This annotated bibliography is designed to give readers an understanding of how "Sonny's Blues," by James Baldwin is a modernization of the biblical account of Cain and Abel. While the text of "Sonny's Blues" doesn't align with the story of Cain and Abel verbatim, the underlying theme of being a "brother's keeper" is central to both stories. I set out to identify the various elements involved in being a "brother's keeper". After reading the biblical account of Cain and Abel, two sub-themes came to the forefront; self-identity and responsibility. I selected the sources listed below to highlight the ways Baldwin uses the themes of identity and responsibility, and other literary mechanisms to connect "Sonny's Blues" to the biblical account of Cain and Abel.
Byerman discusses how music and words create ambiguity in "Sonny's Blues." He points out the rhythm of the wording in the text and how the narrator uses the words to communicate his ideas and as a defense mechanism when his reality is too harsh to handle. The narrator's candid wording at times draws the reader in with understanding and intrigue. Yet, his vacillating uses of metaphors seem to.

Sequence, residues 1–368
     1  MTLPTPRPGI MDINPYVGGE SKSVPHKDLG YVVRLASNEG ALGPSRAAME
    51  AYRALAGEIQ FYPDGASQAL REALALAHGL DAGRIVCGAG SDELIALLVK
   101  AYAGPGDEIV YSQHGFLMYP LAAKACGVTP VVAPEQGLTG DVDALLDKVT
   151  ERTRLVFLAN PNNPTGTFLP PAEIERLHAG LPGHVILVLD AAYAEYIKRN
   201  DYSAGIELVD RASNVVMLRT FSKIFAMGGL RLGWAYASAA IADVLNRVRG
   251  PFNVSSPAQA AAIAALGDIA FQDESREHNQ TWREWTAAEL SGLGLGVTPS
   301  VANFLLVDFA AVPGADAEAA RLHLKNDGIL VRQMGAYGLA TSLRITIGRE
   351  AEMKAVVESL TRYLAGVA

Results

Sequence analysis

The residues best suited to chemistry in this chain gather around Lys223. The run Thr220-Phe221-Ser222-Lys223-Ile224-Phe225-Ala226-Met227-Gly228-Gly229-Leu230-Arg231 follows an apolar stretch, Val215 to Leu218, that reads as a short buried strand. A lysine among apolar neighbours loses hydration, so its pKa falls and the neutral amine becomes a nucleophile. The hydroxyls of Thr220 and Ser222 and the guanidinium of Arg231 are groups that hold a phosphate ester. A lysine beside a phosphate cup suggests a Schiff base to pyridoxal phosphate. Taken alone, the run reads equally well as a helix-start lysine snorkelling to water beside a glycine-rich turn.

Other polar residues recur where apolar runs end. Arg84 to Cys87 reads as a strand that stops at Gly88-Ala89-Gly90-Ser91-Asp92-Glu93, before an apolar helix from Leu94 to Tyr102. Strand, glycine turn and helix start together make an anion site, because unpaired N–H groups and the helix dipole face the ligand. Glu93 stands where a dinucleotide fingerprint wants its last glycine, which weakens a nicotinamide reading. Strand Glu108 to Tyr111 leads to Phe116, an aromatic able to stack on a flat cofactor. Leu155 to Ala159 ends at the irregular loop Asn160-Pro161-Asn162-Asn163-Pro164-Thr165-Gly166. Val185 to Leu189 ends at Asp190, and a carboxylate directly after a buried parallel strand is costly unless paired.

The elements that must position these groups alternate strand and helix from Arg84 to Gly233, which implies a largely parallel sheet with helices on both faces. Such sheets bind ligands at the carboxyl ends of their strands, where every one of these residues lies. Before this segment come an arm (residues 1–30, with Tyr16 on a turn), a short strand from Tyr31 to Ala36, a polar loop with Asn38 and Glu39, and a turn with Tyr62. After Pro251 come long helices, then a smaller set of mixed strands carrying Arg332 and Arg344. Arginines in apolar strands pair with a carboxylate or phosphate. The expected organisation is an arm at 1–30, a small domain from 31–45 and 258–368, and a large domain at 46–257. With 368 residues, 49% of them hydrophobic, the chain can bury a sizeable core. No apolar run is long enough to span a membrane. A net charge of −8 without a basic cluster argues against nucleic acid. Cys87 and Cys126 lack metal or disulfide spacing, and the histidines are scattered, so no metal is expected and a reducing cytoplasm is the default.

shut the reader out when the details become too sensitive. Just as the narrator uses words to present his case to the reader, Sonny uses music to do the same.
Mosher's piece discusses the significance of Baldwin's allusion to the biblical text, Isaiah 51:17-22, in the final scene of "Sonny's Blue's." As the author inserts the phrase, "the cup of trembling.", He uses it as a metaphor to signal both the relief and salvation of the two main characters. Mohsher's assertions give credence to the common thread that both the biblical account of Cain and Abel and "Sonny's Blues" share. While Mosher's writing primarily focuses on the.
symbolism of "the cup of trembling", a deeper look at it's meaning highlights the characters' fulfillment of being a brother's keeper.